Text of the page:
In 1259 a succession struggle in Mongolia resulted in the fragmentation of the Mongolian Empire, and Khubilai, who was then in charge of the Chinese territories, turned his focus entirely to the conquest of the Song Empire. In 1260 Khubilai appointed Pakpa national preceptor (guoshi 國師). The young monk had spent the previous years initiating Khubilai into Hevajra and Mahākāla maṇḍalas, but again, until the appointment, Pakpa was one of several lamas courted by Khubilai. Now, however, Khubilai saw lamas who had supported his opponents as enemies. He had Karma Pakshi, who had established relations with his rival for control of Mongolia, arrested and burned on a stake. (After three days of flames had left him unharmed; everyone gave up, and the lama was banished to Yunnan, to return to central Tibet a decade later much reduced in influence.)

Pakpa developed a close relationship with the Khan and a particular affinity with his wife Chabi, who biographical accounts describe as an extremely fervent and faithful Buddhist disciple. Khubilai abolished the appanage system that Mongke had established decades earlier, and made the Sakya the (nominal) ruler of the entire country. The national preceptor was made chief of the administrative offices that were to oversee the territory, the Bureau of Tibetan and Buddhist Affairs, the Xuanzhengyuan (named after the hall in which the officials were received).

According to one Sakya history of Pakpa's tenure in the Xuanzhengyuan, the Emperor initially intended to raise a tax on Tibetan monasteries and initiate a draft of Tibetans into corvée labor. Pakpa is said to have protested, insisting that Tibet's resources would be overstrained by the taxes and draft and threatening to leave the court and return to Tibet. Tibet is said to have thereby been spared the burden of tax and corvée.

In 1264 Khubilai Khan sent Pakpa and his brother back to Tibet to convince Tibetans to accept Mongol rule. Pakpa brought along with him the famous Jasa Mutik ('ja' sa mu tig), the “Pearl Edict” which Sakya historians incorrectly claim granted Pakpa control of Tibet; in fact it only exempted Sakya from taxes and corvée, something that Khubilai was giving to other sects as well. Tibetan historians have also claimed the earlier document has as having granted Sakya lordship over the thirteen myriarchies, but since these were not established until the census of 1268, this is clearly mistaken.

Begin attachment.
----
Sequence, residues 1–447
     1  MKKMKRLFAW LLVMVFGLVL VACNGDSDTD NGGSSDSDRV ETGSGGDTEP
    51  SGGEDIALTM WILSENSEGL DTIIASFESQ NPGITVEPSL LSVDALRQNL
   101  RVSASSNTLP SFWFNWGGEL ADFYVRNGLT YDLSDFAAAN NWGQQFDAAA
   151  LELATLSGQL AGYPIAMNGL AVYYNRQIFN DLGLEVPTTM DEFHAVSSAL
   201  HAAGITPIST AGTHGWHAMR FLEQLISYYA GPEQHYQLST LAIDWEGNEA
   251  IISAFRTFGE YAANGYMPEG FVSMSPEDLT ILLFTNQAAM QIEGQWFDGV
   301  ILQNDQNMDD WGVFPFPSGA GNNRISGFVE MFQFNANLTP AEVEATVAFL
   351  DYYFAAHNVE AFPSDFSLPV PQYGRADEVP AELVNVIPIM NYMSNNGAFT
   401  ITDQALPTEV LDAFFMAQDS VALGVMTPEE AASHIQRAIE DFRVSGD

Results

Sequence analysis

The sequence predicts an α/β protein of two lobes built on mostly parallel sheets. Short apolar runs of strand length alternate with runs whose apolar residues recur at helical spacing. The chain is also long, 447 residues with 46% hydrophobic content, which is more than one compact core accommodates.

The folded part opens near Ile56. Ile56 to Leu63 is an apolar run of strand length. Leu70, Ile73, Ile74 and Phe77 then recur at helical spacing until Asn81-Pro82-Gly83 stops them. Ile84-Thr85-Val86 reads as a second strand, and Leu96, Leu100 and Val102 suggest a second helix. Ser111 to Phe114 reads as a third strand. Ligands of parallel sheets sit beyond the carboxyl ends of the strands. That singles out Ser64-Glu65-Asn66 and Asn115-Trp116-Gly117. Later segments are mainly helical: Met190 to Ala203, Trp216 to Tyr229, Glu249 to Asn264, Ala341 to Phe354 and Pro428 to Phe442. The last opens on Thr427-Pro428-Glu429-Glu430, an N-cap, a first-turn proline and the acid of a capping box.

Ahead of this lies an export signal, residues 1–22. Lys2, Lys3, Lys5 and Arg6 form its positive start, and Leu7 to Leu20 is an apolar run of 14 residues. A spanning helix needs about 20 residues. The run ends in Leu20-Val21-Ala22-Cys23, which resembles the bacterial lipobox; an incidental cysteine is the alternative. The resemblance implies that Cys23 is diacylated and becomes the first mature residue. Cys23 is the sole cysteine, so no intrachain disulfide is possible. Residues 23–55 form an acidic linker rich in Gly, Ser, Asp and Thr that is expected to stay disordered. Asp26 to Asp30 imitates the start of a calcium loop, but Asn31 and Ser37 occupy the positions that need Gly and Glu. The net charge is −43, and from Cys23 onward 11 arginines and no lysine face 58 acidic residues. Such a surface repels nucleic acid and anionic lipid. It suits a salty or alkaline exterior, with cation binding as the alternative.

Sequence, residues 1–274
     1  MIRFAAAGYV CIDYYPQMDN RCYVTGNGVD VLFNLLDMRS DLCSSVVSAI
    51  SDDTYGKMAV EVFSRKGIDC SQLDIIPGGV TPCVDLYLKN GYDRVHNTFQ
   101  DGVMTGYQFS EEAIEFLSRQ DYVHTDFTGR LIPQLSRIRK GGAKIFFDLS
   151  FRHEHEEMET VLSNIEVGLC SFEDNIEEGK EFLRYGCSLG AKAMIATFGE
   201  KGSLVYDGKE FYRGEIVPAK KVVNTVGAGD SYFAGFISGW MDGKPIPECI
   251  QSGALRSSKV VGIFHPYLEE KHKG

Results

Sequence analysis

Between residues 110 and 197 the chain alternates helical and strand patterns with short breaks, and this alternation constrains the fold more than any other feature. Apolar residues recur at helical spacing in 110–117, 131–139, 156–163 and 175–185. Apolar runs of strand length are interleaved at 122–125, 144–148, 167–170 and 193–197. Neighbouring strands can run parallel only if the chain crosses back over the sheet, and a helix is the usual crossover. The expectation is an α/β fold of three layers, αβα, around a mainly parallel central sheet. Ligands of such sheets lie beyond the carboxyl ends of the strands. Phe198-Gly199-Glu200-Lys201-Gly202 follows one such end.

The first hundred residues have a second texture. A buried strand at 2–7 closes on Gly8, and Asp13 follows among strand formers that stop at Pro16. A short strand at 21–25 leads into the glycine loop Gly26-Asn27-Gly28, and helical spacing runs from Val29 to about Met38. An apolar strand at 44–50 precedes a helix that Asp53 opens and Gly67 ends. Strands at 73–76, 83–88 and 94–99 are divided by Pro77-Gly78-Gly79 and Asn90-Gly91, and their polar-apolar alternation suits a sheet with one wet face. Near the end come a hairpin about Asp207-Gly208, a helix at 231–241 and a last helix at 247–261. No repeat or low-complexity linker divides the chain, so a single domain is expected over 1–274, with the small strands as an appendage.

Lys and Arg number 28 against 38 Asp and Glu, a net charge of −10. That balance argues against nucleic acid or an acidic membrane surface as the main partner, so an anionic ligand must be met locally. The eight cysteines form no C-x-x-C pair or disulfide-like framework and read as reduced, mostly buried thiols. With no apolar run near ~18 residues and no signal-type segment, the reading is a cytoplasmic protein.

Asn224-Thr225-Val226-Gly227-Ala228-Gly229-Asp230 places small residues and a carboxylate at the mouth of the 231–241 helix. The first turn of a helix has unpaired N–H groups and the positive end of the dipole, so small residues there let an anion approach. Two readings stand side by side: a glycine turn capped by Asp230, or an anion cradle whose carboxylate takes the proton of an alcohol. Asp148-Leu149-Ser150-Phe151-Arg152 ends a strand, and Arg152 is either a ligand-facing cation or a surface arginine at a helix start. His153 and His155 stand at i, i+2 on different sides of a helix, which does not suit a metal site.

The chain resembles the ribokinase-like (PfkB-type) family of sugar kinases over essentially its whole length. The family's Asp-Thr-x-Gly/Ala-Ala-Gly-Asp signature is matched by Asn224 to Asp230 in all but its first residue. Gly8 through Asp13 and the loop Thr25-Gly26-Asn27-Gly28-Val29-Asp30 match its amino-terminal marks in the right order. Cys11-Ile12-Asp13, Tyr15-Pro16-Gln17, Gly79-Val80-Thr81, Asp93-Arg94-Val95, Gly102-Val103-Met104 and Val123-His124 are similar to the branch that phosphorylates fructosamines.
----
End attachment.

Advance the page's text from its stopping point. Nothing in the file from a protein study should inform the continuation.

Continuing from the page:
The roles that Pakpa and Chana Dorje were expected to play remain unclear, and in any case their supposed authority over Tibet was consistently challenged by Drigung. Chana Dorje passed away in 1267, and, whatever the original plan had been, the abbot of Sakya, Shākya Zangpo (shAkya bzang po, d. 1270), who had run the monastery since Sakya Paṇḍita left, was given the newly created office of Ponchen (dpon chen), and given civil and military authority over all of Tibet. The office of Ponchen was subordinate to the national preceptor. The refusal of Drigung to accept the arrangement forced Khubilai to send in troops to enforce Sakya control, and within a year Mongol control of Tibet was restored. Soon after, a census was conducted, a postal system was devised, taxes were imposed and a Tibetan militia was formed – all under Mongol direction. The system of governance devised for Tibet would consist of a State Preceptor (Pakpa being the official first), who was in charge of Buddhists throughout the empire as well as in Tibet (but who would live in China) and an a second Mongol-appointed official, the Ponchen, who would live in Tibet and administer the region more directly. This system was in place for the next eighty years.